Kiwi rarely falls asleep on me these days. And on the occasions she does, I can’t let her snooze on me. I don’t have that flexibility; I have a preschooler.
But Peeper went down to Eugene with her dad to pick up our dog, so for today I am mom of only one kid. And that “only child” has a doozy of a cold. So it’s really not that shocking she fell asleep at the breast—and why I let her keep sleeping on me, boob nap style.
“It’s so easy to dismiss the opportunity to do something good because you’re hoping to do something great.
Don’t wait. If you have something to give, give it now.”
—Mark Bezos, Ted Radio Hour, Giving It Away
I’m usually not huge into New Year’s resolutions—I prefer writing gratitude lists and making incremental changes that don’t overwhelm me (or disappoint when I don’t follow through). But in 2017, I wanted to do a kind of resolution that feels imperative: to do good every day.
Sure, I could resolve to exercise every day or cut out sugar or lose just enough weight so I feel comfortable in jeans again. But this year I need to put my values into action and make the world a little better.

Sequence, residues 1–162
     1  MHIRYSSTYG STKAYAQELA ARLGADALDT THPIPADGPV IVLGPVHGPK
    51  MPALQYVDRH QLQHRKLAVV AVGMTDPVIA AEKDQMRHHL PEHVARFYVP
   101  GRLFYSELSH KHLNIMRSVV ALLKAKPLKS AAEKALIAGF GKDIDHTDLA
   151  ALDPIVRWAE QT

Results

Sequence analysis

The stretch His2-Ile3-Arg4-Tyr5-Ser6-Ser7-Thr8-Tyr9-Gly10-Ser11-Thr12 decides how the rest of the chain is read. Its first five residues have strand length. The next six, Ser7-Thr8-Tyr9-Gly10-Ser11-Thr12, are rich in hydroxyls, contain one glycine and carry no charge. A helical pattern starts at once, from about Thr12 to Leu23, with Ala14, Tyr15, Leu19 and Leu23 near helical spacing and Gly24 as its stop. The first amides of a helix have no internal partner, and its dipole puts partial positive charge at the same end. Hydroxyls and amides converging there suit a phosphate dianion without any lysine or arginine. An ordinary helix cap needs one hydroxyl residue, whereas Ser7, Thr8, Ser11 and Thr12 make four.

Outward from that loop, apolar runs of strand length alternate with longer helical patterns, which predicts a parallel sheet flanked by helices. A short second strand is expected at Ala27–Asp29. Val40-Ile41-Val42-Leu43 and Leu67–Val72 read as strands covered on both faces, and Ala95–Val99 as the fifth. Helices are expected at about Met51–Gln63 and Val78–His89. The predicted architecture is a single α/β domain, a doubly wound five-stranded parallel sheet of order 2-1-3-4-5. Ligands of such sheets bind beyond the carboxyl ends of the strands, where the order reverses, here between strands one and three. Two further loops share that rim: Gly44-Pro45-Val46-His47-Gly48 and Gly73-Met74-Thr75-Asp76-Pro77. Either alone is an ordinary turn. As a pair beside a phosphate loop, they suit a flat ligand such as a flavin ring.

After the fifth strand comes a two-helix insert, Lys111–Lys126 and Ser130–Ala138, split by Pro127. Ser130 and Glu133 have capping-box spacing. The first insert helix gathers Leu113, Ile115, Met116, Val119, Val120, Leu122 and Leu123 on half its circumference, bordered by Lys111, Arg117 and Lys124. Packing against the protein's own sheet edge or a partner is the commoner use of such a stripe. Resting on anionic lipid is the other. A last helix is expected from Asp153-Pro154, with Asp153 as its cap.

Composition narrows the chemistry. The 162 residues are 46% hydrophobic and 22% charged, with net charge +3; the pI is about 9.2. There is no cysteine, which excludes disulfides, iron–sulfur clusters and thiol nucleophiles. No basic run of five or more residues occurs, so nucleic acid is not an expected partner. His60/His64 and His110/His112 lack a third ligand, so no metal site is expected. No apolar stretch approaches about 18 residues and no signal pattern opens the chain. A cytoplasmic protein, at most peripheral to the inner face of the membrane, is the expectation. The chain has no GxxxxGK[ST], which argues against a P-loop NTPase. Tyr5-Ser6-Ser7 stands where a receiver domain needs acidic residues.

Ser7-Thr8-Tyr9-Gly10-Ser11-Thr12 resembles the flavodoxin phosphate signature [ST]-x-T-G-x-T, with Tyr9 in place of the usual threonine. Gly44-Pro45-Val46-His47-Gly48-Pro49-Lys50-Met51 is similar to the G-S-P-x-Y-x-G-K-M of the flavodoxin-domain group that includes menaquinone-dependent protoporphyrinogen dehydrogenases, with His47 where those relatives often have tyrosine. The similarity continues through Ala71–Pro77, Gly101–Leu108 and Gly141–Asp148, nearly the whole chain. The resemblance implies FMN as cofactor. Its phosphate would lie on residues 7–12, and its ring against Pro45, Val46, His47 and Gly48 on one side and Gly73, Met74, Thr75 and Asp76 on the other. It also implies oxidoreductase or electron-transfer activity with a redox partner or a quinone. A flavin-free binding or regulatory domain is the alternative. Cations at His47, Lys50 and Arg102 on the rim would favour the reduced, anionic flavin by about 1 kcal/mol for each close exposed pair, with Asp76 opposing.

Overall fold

At the beginning of this year, I wrote a gratitude list of 50 things I’m grateful for. I remembered that post recently when I thought ahead to the New Year. I feel a lot of fear when I think about what is to come next year and beyond, but fear doesn’t do a lot of good unless it motivates some sort of positive action. I have been working to incorporate doing good every day (more on that later), but positive action can also include acknowledging all the things that are right with the world. After all, a perfect antidote to anxiety and uncertainty is reflecting on the many reasons to be thankful.
If you’re like me and you’re feeling anxious—whether that’s from the incoming president or post-Christmas bills—I invite you to make a gratitude list, too. It may just help you feel better about the end of 2016 and look forward to the New Year.